Trump: Rescue Big 3, But Put Them in Chapter 11
Detroit auto makers should be rescued, but through a planned bankruptcy overseen by the federal government, according to real estate magnate Donald Trump.
A Chapter 11 filing with government help would let the troubled Big 3 car companies reorganize, find a way to pay their creditors, and restore consumer trust, Trump said on CNBC.
"It would seem to be that they should Chapter it and the country should put up the financing," he said Wednesday morning. (Hear his full comments in the video)
The auto makers have reached a deal in principle with congressional leadersthat calls for the government to provide $15 billion in financing that could be revoked by a "car czar" who would oversee the bailout.
Trump rejected arguments that consumers would not buy vehicles from companies in bankruptcy, saying other industries have survived similar moves while continuing to sell their products.
"If you look at the airlines, I mean I'd rather buy a car than fly in an airline that's in Chapter (11)," he said. "People fly on the airlines. When Delta went, when United went, and so many others, people didn't stop flying. In fact I think their business went up."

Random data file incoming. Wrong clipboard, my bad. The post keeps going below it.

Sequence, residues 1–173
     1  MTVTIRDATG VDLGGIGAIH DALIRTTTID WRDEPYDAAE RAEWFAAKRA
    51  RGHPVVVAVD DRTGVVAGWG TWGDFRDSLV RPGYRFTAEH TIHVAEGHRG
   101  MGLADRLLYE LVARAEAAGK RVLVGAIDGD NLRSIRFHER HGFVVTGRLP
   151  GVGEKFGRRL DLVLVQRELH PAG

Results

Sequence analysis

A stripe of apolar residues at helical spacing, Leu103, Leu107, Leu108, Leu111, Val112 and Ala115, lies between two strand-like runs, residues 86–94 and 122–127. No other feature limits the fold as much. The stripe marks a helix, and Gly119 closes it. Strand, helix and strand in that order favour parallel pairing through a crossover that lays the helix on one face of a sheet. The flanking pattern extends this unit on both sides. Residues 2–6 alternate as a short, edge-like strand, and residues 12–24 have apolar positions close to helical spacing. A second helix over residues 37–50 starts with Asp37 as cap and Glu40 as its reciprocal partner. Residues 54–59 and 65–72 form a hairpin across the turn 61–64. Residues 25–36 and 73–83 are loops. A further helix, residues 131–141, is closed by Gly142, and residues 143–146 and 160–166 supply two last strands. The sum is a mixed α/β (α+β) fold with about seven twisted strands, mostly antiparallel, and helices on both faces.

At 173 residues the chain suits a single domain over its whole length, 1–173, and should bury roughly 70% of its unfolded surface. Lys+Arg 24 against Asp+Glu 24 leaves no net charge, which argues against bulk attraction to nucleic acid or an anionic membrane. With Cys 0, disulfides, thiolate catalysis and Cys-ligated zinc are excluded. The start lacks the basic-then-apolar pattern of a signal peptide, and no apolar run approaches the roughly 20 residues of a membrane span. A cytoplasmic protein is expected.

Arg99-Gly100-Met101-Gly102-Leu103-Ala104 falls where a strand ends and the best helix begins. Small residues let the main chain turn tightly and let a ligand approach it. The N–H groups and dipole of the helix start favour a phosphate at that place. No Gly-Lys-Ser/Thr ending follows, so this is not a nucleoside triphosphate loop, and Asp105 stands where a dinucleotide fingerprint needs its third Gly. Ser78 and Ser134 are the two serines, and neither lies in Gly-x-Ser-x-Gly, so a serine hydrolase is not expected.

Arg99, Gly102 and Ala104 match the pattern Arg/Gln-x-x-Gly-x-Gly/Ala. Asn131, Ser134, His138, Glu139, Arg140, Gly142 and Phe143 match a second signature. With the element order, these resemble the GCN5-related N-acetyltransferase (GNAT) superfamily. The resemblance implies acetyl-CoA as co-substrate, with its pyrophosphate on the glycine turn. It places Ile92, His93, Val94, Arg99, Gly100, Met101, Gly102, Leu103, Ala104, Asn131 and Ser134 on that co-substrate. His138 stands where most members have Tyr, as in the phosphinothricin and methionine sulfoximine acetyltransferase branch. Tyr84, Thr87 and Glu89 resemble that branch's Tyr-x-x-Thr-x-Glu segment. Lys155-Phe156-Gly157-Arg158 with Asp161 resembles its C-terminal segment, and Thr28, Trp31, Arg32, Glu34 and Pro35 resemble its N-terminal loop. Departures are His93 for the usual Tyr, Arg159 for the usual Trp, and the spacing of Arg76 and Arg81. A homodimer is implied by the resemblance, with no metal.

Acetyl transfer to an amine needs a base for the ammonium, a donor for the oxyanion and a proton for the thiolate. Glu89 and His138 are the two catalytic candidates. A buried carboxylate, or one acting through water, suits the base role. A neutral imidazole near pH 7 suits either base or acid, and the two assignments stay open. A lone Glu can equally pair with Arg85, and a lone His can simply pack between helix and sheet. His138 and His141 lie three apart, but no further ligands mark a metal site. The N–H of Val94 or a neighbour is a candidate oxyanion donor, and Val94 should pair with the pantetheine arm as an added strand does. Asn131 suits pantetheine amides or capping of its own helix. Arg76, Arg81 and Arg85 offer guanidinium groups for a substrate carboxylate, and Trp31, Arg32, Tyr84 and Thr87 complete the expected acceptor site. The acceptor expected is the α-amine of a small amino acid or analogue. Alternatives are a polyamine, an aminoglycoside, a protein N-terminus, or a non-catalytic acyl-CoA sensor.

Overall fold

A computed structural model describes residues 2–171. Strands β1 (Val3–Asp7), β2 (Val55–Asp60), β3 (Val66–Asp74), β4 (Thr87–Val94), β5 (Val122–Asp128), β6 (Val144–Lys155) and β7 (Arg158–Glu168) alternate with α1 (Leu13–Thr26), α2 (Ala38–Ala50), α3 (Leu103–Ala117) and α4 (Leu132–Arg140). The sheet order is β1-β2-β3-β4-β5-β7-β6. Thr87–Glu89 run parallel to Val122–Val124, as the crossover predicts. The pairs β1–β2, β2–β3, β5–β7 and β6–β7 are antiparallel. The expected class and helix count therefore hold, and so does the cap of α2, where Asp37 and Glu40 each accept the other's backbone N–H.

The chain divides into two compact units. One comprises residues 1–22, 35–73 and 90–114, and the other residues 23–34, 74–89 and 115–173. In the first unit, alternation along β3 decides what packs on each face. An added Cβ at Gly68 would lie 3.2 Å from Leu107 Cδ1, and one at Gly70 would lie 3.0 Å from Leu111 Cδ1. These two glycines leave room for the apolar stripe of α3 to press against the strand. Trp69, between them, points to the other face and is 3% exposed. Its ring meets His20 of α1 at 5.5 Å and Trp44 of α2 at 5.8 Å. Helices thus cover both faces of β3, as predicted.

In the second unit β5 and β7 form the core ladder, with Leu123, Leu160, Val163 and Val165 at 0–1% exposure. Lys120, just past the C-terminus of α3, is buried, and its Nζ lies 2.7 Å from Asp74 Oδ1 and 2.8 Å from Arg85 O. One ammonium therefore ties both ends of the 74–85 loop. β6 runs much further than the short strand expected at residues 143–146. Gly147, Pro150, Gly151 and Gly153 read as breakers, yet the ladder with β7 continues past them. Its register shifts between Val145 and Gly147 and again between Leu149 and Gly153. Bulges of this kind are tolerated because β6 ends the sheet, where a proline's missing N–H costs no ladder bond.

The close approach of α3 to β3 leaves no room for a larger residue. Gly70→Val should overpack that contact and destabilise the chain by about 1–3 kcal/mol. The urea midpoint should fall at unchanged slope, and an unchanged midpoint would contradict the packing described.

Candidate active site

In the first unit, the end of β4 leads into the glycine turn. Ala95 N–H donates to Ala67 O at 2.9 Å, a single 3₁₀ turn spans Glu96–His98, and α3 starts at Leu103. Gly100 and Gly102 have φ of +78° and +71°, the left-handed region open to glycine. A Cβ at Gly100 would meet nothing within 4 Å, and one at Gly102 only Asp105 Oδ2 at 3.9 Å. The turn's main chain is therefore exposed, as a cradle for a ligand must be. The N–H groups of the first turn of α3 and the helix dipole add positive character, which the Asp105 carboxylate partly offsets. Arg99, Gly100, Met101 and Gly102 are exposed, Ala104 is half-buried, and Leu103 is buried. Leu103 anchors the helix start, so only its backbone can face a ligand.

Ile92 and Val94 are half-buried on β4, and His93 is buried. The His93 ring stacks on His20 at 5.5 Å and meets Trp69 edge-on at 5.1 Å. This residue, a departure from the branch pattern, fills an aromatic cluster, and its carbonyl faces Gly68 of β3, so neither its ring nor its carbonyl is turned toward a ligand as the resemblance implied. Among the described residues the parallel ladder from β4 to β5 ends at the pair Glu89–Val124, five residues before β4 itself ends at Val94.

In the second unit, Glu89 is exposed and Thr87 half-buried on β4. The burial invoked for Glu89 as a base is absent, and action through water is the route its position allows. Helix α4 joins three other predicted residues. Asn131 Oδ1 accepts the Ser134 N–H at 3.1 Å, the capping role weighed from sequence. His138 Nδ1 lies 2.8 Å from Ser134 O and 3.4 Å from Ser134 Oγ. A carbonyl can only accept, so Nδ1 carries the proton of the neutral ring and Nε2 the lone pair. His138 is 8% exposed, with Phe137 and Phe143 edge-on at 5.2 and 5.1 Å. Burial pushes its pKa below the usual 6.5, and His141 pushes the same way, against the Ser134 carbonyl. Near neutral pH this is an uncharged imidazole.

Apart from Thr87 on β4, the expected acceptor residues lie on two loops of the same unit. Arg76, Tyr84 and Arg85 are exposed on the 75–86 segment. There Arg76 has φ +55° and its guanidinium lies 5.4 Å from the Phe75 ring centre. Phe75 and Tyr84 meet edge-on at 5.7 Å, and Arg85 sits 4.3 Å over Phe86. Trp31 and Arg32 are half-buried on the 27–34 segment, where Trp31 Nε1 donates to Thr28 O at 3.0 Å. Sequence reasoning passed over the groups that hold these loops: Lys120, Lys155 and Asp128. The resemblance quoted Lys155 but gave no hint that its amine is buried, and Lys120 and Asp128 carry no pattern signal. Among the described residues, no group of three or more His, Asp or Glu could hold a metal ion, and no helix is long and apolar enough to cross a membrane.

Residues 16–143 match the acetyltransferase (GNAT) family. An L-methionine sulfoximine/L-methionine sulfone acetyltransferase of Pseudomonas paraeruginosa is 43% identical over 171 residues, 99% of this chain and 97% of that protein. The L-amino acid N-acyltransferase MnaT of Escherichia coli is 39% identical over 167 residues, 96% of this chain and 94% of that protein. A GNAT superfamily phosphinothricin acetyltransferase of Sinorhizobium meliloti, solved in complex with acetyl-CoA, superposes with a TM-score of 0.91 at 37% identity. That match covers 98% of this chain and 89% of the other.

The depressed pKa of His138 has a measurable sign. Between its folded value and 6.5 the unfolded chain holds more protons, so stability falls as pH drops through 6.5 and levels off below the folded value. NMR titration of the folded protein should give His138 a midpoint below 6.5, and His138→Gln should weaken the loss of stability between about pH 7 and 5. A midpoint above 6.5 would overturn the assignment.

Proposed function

"As long as they know the company's going to exist, as long as the government's behind it," people will continue to fly, Trump added. "You sit there as long as it takes to get wonderful union contracts and wonderful contracts with your suppliers and everybody else."
At the same time, he stressed the importance of making sure General Motors , Ford and Chrysler do, indeed, survive. He suggested that former General Electric CEO Jack Welch should be appointed the new car czar, though Welch is unlikely to get the position.
"You have to save the car industry in this country," Trump said. "General Motors can be great again, Ford can be great again, and Chrysler could be great."
On other issues, Trump said Sam Zell had good intentions when he bought the now-bankrupt Tribune. but faced an extremely difficult business climate. And he urged President-elect Barack Obama to get tough with the Organization of Petroleum Exporting Countries, particularly once the economy recovers and pressure renews to push energy prices higher.
"The problem is when the economy gets better OPEC is going to raise the oil price and the economy is going to get killed again," Trump said. "So somebody, our new president, has to deal very strongly with this illegal cartel."